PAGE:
A lecturer at the Benue State Polytechnic, Ugbokolo, Andrew Ogbuja, was on Thursday April 28, acuqitted of the charges of rape and causing the death of a 13-year-old schoolgirl, Ochanya Ogbanje in 2018.
Recall that there was an outcry in 2018 after it was reported that the lecturer and his son, Victor, who are both maternal relations of the deceased, allegedly raped the minor until she fell ill and died.
Justice Augustine Ityonyiman of the Benue state High Court acquitted Ogbuja on grounds of the prosecution failing to prove its four counts against him.
Ityonyiman who evaluated two autopsy reports from the Federal Medical Centre in Makurdi and the Nigeria Police Forensic Laboratory in Lagos, left him in quandary, said police investigators failed to subject the defendant to medical examination in order to match his specimen with the findings in the medical reports presented before the court.
“I cannot pick and choose which of the autopsy reports to rely on in reaching a just conclusion of this case.”
The judge also noted that while the autopsy report from the medical centre in Makurdi said Ogbanje died of “natural cause,” the one from the police forensic laboratory said the deceased “suffered diseases that were related to sexual abuse.”
Though Ochanya narrated her ordeals at the hands of the Ogbujas in a video presented in court, Ityonyiman said “it is regrettable that the deceased could not tell her story before she died.” He then said “I hereby acquit and discharge the defendant of all the four counts charge.”
In a separate case instituted by the National Agency for the Prohibition of Trafficking In Persons against the lecturer’s wife before the Federal High Court in Makurdi, Felicia Ochiga-Ogbuja was convicted of negligence in the rape of the minor.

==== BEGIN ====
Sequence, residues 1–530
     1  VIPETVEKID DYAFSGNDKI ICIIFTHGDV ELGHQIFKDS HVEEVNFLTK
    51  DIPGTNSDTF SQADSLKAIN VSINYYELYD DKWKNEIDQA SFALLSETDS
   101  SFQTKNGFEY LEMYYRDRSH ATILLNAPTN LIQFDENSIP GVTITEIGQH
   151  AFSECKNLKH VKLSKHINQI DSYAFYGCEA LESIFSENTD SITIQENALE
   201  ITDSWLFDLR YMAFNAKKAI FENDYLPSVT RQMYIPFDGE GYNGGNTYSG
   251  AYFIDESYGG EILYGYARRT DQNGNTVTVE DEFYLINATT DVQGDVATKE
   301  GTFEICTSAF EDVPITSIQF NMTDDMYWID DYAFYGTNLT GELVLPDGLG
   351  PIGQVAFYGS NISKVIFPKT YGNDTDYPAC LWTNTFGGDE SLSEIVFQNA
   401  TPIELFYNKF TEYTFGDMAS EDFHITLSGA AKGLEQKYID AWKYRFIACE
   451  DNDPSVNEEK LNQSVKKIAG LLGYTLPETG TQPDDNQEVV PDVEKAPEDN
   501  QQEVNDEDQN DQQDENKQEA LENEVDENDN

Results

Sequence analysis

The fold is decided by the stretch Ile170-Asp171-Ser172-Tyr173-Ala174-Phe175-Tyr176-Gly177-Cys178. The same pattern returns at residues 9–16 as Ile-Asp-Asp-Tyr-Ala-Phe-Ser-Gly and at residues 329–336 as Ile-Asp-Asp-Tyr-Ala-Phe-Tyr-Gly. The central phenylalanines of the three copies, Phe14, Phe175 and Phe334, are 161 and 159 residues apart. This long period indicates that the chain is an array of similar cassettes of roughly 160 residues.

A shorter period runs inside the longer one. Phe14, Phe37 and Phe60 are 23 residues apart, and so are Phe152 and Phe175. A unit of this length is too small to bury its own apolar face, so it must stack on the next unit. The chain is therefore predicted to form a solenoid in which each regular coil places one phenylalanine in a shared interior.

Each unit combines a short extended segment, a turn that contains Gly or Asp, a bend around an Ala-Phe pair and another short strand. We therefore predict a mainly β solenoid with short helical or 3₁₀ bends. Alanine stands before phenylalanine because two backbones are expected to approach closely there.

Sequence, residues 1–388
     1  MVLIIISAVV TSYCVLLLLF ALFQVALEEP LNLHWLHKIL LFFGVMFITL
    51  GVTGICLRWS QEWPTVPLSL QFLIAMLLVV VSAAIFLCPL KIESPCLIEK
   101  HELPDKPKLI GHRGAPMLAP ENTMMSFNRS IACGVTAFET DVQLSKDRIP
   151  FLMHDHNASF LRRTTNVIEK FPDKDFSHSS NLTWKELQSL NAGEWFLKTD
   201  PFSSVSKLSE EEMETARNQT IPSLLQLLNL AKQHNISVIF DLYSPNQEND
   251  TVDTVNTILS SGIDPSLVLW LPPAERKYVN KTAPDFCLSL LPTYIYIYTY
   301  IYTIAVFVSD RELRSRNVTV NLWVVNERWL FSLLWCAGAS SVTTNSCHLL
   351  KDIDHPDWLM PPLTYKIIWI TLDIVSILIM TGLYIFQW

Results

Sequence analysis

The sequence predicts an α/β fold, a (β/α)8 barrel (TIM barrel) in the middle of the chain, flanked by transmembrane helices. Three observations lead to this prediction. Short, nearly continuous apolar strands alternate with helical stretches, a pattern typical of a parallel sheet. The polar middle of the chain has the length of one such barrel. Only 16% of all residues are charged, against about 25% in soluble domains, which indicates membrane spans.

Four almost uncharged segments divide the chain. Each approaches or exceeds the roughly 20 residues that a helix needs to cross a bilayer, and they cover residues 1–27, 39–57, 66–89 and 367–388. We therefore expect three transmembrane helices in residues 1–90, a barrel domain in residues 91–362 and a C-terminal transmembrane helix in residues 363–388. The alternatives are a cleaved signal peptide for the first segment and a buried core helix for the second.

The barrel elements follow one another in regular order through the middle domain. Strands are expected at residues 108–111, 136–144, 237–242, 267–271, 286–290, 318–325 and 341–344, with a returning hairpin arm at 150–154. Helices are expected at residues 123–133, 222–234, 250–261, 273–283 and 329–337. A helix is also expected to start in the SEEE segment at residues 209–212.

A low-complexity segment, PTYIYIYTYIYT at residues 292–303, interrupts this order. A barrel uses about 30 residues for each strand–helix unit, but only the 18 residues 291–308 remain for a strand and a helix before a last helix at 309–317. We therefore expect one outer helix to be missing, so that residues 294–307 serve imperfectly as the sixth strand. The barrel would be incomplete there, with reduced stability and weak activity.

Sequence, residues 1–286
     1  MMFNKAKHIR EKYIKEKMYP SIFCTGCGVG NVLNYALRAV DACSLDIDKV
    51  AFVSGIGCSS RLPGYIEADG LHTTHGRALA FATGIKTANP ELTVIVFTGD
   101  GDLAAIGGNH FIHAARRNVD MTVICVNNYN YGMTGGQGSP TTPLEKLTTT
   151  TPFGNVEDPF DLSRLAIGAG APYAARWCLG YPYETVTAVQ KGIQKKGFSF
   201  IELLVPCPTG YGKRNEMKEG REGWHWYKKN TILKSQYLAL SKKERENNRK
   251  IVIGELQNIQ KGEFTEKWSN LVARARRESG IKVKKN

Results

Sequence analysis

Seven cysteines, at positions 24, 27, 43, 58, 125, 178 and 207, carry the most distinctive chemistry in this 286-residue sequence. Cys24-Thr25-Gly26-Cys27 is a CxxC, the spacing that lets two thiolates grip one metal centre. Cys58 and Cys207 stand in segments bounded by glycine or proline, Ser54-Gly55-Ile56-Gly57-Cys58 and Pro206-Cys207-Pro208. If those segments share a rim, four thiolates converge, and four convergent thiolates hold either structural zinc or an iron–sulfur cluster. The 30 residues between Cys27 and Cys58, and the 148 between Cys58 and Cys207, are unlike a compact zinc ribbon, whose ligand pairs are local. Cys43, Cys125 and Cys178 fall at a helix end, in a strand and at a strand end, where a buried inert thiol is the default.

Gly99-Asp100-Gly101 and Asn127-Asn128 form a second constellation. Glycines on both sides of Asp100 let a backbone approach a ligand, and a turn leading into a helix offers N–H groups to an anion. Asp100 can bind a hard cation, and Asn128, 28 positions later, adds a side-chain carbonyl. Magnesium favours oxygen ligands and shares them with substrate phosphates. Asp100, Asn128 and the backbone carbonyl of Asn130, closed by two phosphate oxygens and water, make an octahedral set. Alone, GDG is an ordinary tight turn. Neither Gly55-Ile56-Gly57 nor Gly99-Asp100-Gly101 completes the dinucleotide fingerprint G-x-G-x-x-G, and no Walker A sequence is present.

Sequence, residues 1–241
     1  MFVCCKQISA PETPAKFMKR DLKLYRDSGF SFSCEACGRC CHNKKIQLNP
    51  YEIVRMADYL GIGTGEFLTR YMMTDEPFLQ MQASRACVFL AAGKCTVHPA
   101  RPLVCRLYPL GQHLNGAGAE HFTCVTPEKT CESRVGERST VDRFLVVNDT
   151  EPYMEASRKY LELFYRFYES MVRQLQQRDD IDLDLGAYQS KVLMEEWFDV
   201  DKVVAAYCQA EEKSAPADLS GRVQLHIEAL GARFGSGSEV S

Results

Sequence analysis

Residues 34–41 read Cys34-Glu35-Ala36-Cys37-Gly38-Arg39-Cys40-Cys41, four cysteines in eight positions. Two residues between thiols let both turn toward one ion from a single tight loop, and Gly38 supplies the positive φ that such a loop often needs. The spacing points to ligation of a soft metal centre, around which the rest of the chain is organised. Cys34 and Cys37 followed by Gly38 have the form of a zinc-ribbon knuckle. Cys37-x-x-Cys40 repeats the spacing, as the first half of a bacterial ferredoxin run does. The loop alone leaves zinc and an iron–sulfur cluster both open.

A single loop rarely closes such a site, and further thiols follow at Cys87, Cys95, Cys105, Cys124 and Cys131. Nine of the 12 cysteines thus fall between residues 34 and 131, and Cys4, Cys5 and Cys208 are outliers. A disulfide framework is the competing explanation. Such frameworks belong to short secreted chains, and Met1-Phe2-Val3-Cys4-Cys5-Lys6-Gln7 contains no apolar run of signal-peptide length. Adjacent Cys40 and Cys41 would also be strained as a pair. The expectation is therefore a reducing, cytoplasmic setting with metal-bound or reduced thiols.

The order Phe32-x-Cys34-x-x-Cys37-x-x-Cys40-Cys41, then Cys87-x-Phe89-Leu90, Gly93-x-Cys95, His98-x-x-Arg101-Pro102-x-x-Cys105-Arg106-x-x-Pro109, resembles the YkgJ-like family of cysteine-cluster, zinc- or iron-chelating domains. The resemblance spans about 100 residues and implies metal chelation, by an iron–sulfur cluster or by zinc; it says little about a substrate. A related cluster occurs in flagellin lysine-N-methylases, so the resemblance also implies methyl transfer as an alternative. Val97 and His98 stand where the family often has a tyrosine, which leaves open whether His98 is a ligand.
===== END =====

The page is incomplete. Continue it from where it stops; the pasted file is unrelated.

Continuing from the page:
NAPTIP had accused her of failing to protect the deceased teenager from allegedly “being raped” by her husband and son, Victor.
Justice Mobolaji Olajuwon who delivered judgement on the case, held that the defendant failed in her duty to protect Miss Ogbanje from “being sexually abused by her son, Victor.”
Olajuwon who noted “Ochanya was being abused by the son of the defendant, but the defendant, who owed the deceased girl ‘the duty of care to ensure that she was protected from such an act,’ failed in doing so even when Mrs Ogbuja’s daughter, Winifred, drew (her attention ) to the sexual assault”, also ruled that Mrs Ogbuja “made it impossible for the NAPTIP investigating officer to see and interrogate” her daughter, Winifred, in the course of the investigation of the matter.”
The federal high court judge also noted that Felicia failed to challenge the prosecution’s evidence that she “threatened to send Ochanya out of her house if she told anyone about the sexual abuse. This evidence has neither been challenged nor controverted.”
“When Ochanya was examined, it was discovered that the membrane covering the vagina opening was not there, which is an indication that Ochanya had been deflowered.
“During examination, it was discovered that Ochanya had urinated on her bed as she could not hold her bladder.
“The medical report further stated that a working diagnoses of the fecal and urinanary incontinence in a sexually abused child was made”
The Judge further stated that asides the physical injuries inflicted on the deceased, “the (sexual) abuse itself would have scarred her for life, and I so hold.”
She concluded by saying;
“I hold that the defendant is guilty as charged in respect of count one and that the defendant is guilty as charged contrary to Section 314 of the Criminal Code and she is hereby convicted.”